Three Top Reasons

The Cord Blood Connect international congress is more than a scientific research conference. It’s a seminal event for keeping abreast of developments in the cord blood field, making connections with peers, and profiting from a wide array of education and training opportunities.

Here are three top reasons for you to attend:

  1. Experience world-class faculty and content. The congress features more acknowledged experts than any cord blood conference anywhere.
  2. Improve your technical skills. Participate in education and training sessions, developed by professionals who are familiar with the needs and interests of banking personnel.
  3. Network with your peers. Sessions have been designed to facilitate one-on-one and group participation.

In future years, you’ll be able to say that you were at the first Cord Blood Connect international congress and have attended every one since.

What You Can Expect

Here’s a rundown of preparations with 30 days left on the count-down clock.

Scientific Program:  Peruse the agenda. You’ll find renowned authorities leading sessions on the state of cord blood science, a review of clinical outcomes, advances in hematopoietic cell transplantation, engineering of cord blood grafts, cord blood-derived immunotherapies, the potential power of mesenchymal stem cells, emerging uses of cord blood in regenerative medicine, and understanding and optimizing approaches to regulation of cellular therapies. Continuing medical education (CME) credit will be offered.

Technical Program:  A new dimension will be the emphasis on cord blood collection, processing, storage, release and bank administration. Personnel on the frontlines of cord blood banking will lead sessions on banking economics and logistics, cord blood collection and public education, manufacturing and quality specifications, international and domestic shipping and transplantation, alternative uses for birthing tissues, and education for prenatal and pediatric health providers. Continuing medical laboratory education (CMLE) credit will be offered.

Networking:  The congress is purposely designed to promote interaction and networking among participants. Several of the sessions have been structured for “TED talk”-type presentations and “speed dating” at breakout tables. A mobile app will feature a “Meet Up” function that enables attendees to request and accept one-on-one meetings at suggested times and places.

Pre-Registration:  More than 250 already have pre-registered. The registration fee has been kept low – less than half of similar conferences – so that cord blood banks and other facilities can send multiple staff members to cover concurrent sessions, network with others doing parallel activity in the field, and learn as a team.

Abstracts:  The abstract review committee has accepted more than two dozen scientific and technical abstracts for poster presentation. Two were selected as Best Abstracts for oral presentation in “The Innovators” plenary session. You can meet all the authors in an evening poster session.

Collaborators:  Fourteen organizations within, or closely allied to, cord blood banking and therapies have helped with the design and development of the congress. Some will have their own adjacent workshops, conferences, meetings and social events. For example, AABB is sponsoring the Welcome Reception. WMDA/NetCord and FACT have organized a pre-conference workshop on global perspectives of cord blood transplants, ethical dilemmas, and common deficiencies in accreditation. FACT also will be conducting a half-day Quality Boot Camp, and a half-day cord blood bank inspector training program. Separate registration is required. The day after the congress, a by-invitation Regenerative Medicine InterCHANGE conference will bring together representatives of at least 15 health care organizations to discuss issues in the fast-evolving field of regenerative medicine.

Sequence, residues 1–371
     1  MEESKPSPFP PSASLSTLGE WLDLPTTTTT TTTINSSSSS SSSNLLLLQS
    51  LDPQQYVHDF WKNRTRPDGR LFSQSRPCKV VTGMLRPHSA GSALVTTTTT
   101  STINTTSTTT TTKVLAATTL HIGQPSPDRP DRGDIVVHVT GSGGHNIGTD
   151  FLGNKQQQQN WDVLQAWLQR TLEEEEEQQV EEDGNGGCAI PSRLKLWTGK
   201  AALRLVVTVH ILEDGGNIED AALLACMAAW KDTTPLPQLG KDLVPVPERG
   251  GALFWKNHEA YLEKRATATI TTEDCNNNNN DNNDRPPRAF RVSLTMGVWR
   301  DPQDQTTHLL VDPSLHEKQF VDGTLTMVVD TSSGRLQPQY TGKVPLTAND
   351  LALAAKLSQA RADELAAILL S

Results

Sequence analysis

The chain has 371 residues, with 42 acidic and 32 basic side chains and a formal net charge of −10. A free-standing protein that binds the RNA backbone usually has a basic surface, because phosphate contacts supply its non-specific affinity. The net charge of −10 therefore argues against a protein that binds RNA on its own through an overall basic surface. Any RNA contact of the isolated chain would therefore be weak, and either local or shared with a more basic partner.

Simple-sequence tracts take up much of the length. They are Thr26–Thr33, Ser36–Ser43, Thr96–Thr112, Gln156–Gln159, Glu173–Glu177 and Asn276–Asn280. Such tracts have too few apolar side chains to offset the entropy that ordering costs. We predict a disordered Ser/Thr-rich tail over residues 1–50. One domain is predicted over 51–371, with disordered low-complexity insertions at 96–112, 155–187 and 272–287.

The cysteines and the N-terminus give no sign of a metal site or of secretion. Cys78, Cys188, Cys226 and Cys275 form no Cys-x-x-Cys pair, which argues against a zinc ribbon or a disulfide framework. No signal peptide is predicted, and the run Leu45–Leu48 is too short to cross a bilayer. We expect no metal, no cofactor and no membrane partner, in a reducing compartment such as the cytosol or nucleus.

Exhibits:  The “Solutions Center” exhibit hall is already sold out . . . at least technically. By reconfiguring the layout of the hall and using well-trafficked public space, room is being made for others who still want to have exhibit booths.

Corporate Support:  The commitment of industry to the vision of Cord Blood Connect has been phenomenal. Speaking with their pocketbooks as well as words of encouragement, they have contributed more than a quarter million dollars to help underwrite the costs of the congress. Major funding has come from Cord Blood Registry (Platinum support); PerkinElmer Viacord, Sino Cell Technologies and StemCyte (Gold support); Celularity, Gamida Cell, Magenta Therapeutics and the National Marrow Donor Program (Silver support).

Celebration:  Although principally designed to be a forward-looking event, Cord Blood Connect will also, appropriately, pay homage to those who have built the foundation upon which the community stands. “The Innovators” is a plenary session that will celebrate the 30th anniversary of the first cord blood transplant and the achievements of the Original Pioneers as well as Today’s Pioneers in our field.

Dr. Eliane Gluckman, who performed the first cord blood transplant in 1988, will be presented with CBA’s first Lifetime Achievement Award. Several others involved in that event also will be on stage, including the first cord blood transplant recipient (five years of age at the time of his transplant).

Exciting Venue:  And not to be overlooked, the venue, Loews Miami Beach Hotel, is oceanside in the heart of the fabled South Beach neighborhood with its trendy restaurants, shops and attractions.

If you attend only one cord blood meeting over the next 12 months, this is the one you won’t want to miss . . . . the one that everyone will be talking about.